Flournoy, Theodore (1854–1920)
Professor of psychology at the University of Geneva, Switzerland,
and a noted psychical researcher. Flournoy was born
August 15, 1854, and studied at the University of Strasbourg
Medical School. From 1891 to 1919 he taught physiological
psychology, experimental psychology, and the philosophy of
science at the University of Geneva. He published many important
works on medicine and psychology, including Des Phénomènes
de Synapsie (Phenomena of Synapsis) (1893), Les Principes
de la psychologie religieuse (1903), and Le Genie religieux (1904).
He became interested in mediumship, which led to his writing
one of the more famous books in psychical research, Des
Indes à la Planète Mars (1900), translated as From India to the
Planet Mars in 1901. This was the sensation of the year, and the
passage of time has in no way affected its unusual scientific
worth or mitigated its absorbing interest. The book deals with
the mediumship of Hélène Smith, to whose circle Flournoy was
first admitted in the winter of 1894–95. It was published at a
time when the work of the Society for Psychical Research
(SPR), London, and information on the mediumship of Lenora
Piper had prepared a large part of the public for scientific revelation
regarding another life.
Flournoy’s book, written with erudition and a vivid sense of
humor and irony, questioned many Spiritualistic beliefs and
threw great doubt on the ascertainability of the extramundane
existence of the entities that appear to communicate through
mediums. He admitted many puzzling phenomena in the history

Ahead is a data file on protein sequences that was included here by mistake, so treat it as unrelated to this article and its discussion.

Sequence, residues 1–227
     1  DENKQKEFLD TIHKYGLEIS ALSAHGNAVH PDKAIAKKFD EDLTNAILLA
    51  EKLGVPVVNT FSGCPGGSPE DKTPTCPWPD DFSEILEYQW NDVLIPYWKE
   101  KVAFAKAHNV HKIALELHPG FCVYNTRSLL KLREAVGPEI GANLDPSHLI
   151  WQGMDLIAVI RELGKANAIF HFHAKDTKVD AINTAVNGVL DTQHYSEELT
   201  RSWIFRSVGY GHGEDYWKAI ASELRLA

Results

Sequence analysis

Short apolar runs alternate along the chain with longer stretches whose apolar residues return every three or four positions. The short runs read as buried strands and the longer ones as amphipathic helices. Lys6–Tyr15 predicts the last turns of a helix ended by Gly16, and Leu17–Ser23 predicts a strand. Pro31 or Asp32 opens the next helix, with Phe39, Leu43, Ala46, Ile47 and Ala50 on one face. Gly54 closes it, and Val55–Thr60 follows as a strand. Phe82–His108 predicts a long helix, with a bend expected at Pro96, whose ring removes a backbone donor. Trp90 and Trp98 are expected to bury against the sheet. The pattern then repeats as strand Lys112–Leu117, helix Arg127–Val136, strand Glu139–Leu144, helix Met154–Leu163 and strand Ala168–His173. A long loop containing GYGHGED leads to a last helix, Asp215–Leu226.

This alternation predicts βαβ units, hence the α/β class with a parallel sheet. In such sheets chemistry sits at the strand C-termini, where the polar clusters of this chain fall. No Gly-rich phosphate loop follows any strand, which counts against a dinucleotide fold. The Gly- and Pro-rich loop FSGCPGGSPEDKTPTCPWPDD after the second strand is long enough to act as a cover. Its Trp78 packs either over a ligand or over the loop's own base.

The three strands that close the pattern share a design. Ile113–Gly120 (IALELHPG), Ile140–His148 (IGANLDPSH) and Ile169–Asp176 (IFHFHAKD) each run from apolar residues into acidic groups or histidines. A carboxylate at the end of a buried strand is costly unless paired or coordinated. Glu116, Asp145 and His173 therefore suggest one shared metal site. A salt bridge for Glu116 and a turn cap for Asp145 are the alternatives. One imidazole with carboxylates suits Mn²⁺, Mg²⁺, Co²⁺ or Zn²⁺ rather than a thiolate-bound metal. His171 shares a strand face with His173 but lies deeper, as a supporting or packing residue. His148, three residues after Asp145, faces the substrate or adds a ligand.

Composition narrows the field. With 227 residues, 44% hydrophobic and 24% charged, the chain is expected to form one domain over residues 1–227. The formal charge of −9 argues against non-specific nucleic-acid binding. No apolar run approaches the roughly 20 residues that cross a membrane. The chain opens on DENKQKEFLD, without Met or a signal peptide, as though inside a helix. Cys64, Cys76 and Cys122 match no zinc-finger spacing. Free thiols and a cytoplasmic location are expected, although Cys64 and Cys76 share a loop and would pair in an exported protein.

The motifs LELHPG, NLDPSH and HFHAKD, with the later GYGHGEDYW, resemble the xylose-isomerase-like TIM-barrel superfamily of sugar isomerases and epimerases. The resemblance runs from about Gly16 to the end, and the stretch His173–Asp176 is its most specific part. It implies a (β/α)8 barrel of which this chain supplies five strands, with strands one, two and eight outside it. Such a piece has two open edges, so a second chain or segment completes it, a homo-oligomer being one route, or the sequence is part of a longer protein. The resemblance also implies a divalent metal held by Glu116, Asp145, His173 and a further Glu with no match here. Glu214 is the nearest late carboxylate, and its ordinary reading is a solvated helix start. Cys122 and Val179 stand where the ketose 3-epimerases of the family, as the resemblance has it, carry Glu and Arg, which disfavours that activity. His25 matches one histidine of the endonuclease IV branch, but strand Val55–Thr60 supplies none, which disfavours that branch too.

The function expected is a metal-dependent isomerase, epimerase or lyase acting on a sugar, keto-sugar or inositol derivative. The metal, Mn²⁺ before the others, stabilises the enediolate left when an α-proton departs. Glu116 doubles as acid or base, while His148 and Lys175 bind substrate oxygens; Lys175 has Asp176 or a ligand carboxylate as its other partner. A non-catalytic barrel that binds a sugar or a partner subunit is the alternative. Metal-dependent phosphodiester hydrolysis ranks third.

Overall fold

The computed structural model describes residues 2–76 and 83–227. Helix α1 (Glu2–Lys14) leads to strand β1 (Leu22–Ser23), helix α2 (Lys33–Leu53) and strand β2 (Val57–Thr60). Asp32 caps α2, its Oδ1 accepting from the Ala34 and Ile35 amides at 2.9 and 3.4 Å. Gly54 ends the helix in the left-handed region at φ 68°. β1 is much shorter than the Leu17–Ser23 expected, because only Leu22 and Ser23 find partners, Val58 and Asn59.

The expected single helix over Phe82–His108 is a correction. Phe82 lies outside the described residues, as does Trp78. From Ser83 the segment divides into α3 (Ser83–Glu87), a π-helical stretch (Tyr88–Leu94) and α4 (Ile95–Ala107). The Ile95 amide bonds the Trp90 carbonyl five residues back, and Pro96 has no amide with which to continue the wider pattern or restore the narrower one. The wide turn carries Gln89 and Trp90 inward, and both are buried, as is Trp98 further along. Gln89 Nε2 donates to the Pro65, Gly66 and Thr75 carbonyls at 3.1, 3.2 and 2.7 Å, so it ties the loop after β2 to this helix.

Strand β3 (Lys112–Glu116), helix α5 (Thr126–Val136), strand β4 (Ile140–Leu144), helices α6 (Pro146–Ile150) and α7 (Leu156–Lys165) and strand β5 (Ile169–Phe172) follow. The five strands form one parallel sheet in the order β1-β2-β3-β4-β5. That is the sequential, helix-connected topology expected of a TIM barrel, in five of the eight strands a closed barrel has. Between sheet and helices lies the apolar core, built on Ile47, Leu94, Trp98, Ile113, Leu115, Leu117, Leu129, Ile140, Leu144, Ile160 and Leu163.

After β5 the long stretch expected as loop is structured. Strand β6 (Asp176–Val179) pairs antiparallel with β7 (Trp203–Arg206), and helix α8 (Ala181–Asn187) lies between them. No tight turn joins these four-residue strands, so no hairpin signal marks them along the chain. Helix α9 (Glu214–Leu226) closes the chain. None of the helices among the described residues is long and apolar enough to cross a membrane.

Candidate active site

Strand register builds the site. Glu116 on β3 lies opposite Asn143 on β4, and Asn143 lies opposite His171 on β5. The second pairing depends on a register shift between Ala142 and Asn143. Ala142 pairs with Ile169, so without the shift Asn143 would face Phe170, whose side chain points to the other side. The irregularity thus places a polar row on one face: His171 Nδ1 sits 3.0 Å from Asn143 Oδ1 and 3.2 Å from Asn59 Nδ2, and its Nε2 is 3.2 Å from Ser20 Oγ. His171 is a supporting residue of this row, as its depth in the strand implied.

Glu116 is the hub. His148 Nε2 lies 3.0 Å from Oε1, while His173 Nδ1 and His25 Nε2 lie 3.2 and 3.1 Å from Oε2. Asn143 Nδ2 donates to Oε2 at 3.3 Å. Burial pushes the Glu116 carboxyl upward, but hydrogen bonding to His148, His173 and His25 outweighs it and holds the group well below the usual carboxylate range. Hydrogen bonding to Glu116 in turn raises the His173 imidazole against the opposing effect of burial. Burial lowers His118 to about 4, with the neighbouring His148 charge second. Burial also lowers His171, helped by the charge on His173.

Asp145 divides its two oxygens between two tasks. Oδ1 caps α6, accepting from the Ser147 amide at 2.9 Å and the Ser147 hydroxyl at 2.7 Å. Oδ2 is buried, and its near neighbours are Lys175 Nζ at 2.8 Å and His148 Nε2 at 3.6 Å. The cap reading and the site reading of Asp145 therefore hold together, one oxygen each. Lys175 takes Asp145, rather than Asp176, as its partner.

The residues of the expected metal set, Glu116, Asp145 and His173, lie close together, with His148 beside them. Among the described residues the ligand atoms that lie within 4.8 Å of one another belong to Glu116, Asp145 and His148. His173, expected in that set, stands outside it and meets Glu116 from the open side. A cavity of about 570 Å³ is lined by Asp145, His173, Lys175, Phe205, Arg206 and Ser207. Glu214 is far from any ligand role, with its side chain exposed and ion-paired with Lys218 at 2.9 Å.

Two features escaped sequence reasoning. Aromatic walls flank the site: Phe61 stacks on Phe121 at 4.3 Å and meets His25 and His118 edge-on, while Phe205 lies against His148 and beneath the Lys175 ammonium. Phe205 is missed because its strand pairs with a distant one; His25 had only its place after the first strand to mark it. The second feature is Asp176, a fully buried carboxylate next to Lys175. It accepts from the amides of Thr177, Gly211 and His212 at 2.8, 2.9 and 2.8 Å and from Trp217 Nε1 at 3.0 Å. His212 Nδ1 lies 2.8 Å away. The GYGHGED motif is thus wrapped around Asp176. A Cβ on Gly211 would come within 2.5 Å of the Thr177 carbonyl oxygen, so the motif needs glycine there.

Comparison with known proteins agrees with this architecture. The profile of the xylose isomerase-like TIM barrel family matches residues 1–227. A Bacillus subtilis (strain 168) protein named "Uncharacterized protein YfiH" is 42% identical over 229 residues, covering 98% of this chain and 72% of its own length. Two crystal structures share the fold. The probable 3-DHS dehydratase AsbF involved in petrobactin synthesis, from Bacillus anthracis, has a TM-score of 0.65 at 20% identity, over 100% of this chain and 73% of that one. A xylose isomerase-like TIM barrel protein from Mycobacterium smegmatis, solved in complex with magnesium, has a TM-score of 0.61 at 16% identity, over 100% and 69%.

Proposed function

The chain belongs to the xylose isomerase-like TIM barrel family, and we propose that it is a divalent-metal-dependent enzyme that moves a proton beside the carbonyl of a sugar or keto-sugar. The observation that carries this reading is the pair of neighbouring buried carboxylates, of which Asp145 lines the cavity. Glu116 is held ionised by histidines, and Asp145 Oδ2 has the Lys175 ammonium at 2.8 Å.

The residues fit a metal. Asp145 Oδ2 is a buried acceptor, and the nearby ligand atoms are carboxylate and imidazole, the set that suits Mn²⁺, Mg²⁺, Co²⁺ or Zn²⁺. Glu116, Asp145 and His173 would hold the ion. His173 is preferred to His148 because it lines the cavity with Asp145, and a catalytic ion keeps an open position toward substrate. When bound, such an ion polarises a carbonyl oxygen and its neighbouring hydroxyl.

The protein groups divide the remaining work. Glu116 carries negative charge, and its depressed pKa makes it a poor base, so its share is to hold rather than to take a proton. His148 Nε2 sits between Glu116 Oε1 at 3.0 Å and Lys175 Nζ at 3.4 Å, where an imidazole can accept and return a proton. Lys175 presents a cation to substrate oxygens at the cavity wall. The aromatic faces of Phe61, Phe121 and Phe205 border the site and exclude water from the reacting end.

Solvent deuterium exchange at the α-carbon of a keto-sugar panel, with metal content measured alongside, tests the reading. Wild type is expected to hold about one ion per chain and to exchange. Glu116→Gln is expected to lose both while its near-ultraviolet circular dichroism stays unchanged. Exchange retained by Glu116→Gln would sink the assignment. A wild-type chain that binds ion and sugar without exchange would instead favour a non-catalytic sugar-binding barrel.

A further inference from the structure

of Smith’s mediumship, however. He found the Hindu reincarnation
remarkably real, and he could not offer an explanation
for the medium’s knowledge of remote historical
incidents and traces of the Sanskrit language.
The arguments he advanced to prove that the communicators
were subconscious impersonations were most impressive.
He saw no reason to surrender this attitude in his subsequent
Nouvelles Observations sur un cas de Somnambulisme (Geneva,
Encyclopedia of Occultism & Parapsychology • 5th Ed. Flournoy, Theodore
The reality of other psychic phenomena, such as telekinesis,
telepathy, and clairvoyance, he did not doubt. He became
convinced of telekinesis through his experiences with Eusapia
Palladino and he found sufficient proof of telepathy in the research
of the SPR.
Flournoy investigated the question of apparitions of the
dying and the dead as early as 1898 by addressing a questionnaire
to the members of the Societé des Études Psychiques and
others concerning their personal experiences. He received 72
replies and published his conclusions in February 1899 in the
Revue philosophique. Because he did not accept the narratives at
their face value he was accused of suppressing evidence.
Feeling honor-bound to publish the correspondence in full,
he included it in a later work, Esprits et Médiums, Mélanges de
Métapsychique et de Psychologie (Paris, 1911), translated into English
in an abridgment under the title Spiritism and Psychology
in the same year. It is a book of reference and contains a detailed
exposition of his conclusions regarding psychical research
and survival. Flournoy believed in the survival of the
soul but not in experimental communications with the dead.
He referred briefly to Lenora Piper’s mediumship and the evidence
of cross-correspondence but was hesitant in offering telepathy
as an explanation.
Flournoy died November 5, 1920.
Berger, Arthur S., and Joyce Berger. The Encyclopedia of
Parapsychology and Psychical Research. New York Paragon
House, 1991.
Flournoy, Theodore. Esprits et Médiums, Mélanges de Métapsychique
et de Psychologie. Geneva Libraire Kundig, 1911. Translated
by Hereward Carrington and abridged as Spiritism and
Psychology. New York Harper & Brothers, 1911.
———. Des Indes à la Planète Mars. 1900. Translated as From
India to the Planet Mars. New York Harper, 1901.
———. The Philosophy of William James. Freeport, N.Y.
Books for Libraries Press, 1969.
LeClair, R. C. The Letters of William James and Theodore
Flournoy. Madison University of Wisconsin Press, 1966.

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